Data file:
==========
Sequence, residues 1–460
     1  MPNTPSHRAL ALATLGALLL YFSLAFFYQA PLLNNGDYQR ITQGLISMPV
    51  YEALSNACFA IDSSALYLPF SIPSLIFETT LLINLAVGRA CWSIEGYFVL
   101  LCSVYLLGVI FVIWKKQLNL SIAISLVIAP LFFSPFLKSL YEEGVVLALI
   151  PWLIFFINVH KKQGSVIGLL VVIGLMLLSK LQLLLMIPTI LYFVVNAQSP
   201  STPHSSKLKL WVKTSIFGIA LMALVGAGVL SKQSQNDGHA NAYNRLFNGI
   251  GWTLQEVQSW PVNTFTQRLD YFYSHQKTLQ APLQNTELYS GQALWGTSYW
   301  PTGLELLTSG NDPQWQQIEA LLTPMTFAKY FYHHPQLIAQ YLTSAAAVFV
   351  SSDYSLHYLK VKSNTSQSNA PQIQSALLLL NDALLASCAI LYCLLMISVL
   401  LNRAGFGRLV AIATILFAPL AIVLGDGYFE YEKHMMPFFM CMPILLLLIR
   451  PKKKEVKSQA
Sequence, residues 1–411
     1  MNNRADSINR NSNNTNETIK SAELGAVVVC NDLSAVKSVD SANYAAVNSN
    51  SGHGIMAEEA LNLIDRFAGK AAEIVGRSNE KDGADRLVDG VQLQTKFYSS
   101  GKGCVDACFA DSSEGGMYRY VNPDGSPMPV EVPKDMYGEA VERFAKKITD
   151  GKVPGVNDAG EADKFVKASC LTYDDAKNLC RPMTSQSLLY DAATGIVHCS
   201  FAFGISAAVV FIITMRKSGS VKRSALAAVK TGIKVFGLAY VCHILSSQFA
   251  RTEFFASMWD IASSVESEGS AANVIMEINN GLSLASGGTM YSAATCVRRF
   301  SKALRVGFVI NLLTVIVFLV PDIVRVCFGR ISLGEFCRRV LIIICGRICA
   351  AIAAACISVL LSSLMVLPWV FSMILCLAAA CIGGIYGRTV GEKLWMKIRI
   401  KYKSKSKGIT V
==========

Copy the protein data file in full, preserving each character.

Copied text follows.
Sequence, residues 1–460
     1  MPNTPSHRAL ALATLGALLL YFSLAFFYQA PLLNNGDYQR ITQGLISMPV
    51  YEALSNACFA IDSSALYLPF SIPSLIFETT LLINLAVGRA CWSIEGYFVL
   101  LCSVYLLGVI FVIWKKQLNL SIAISLVIAP LFFSPFLKSL YEEGVVLALI
   151  PWLIFFINVH KKQGSVIGLL VVIGLMLLSK LQLLLMIPTI LYFVVNAQSP
   201  STPHSSKLKL WVKTSIFGIA LMALVGAGVL SKQSQNDGHA NAYNRLFNGI
   251  GWTLQEVQSW PVNTFTQRLD YFYSHQKTLQ APLQNTELYS GQALWGTSYW
   301  PTGLELLTSG NDPQWQQIEA LLTPMTFAKY FYHHPQLIAQ YLTSAAAVFV
   351  SSDYSLHYLK VKSNTSQSNA PQIQSALLLL NDALLASCAI LYCLLMISVL
   401  LNRAGFGRLV AIATILFAPL AIVLGDGYFE YEKHMMPFFM CMPILLLLIR
   451  PKKKEVKSQA
Sequence, residues 1–411
     1  MNNRADSINR NSNNTNETIK SAELGAVVVC NDLSAVKSVD SANYAAVNSN
    51  SGHGIMAEEA LNLIDRFAGK AAEIVGRSNE KDGADRLVDG VQLQTKFYSS
   101  GKGCVDACFA DSSEGGMYRY VNPDGSPMPV EVPKDMYGEA VERFAKKITD
   151  GKVPGVNDAG EADKFVKASC LTYDDAKNLC RPMTSQSLLY DAATGIVHCS
   201  FAFGISAAVV FIITMRKSGS VKRSALAAVK TGIKVFGLAY VCHILSSQFA
   251  RTEFFASMWD IASSVESEGS AANVIMEINN GLSLASGGTM YSAATCVRRF
   301  SKALRVGFVI NLLTVIVFLV PDIVRVCFGR ISLGEFCRRV LIIICGRICA
   351  AIAAACISVL LSSLMVLPWV FSMILCLAAA CIGGIYGRTV GEKLWMKIRI
   401  KYKSKSKGIT V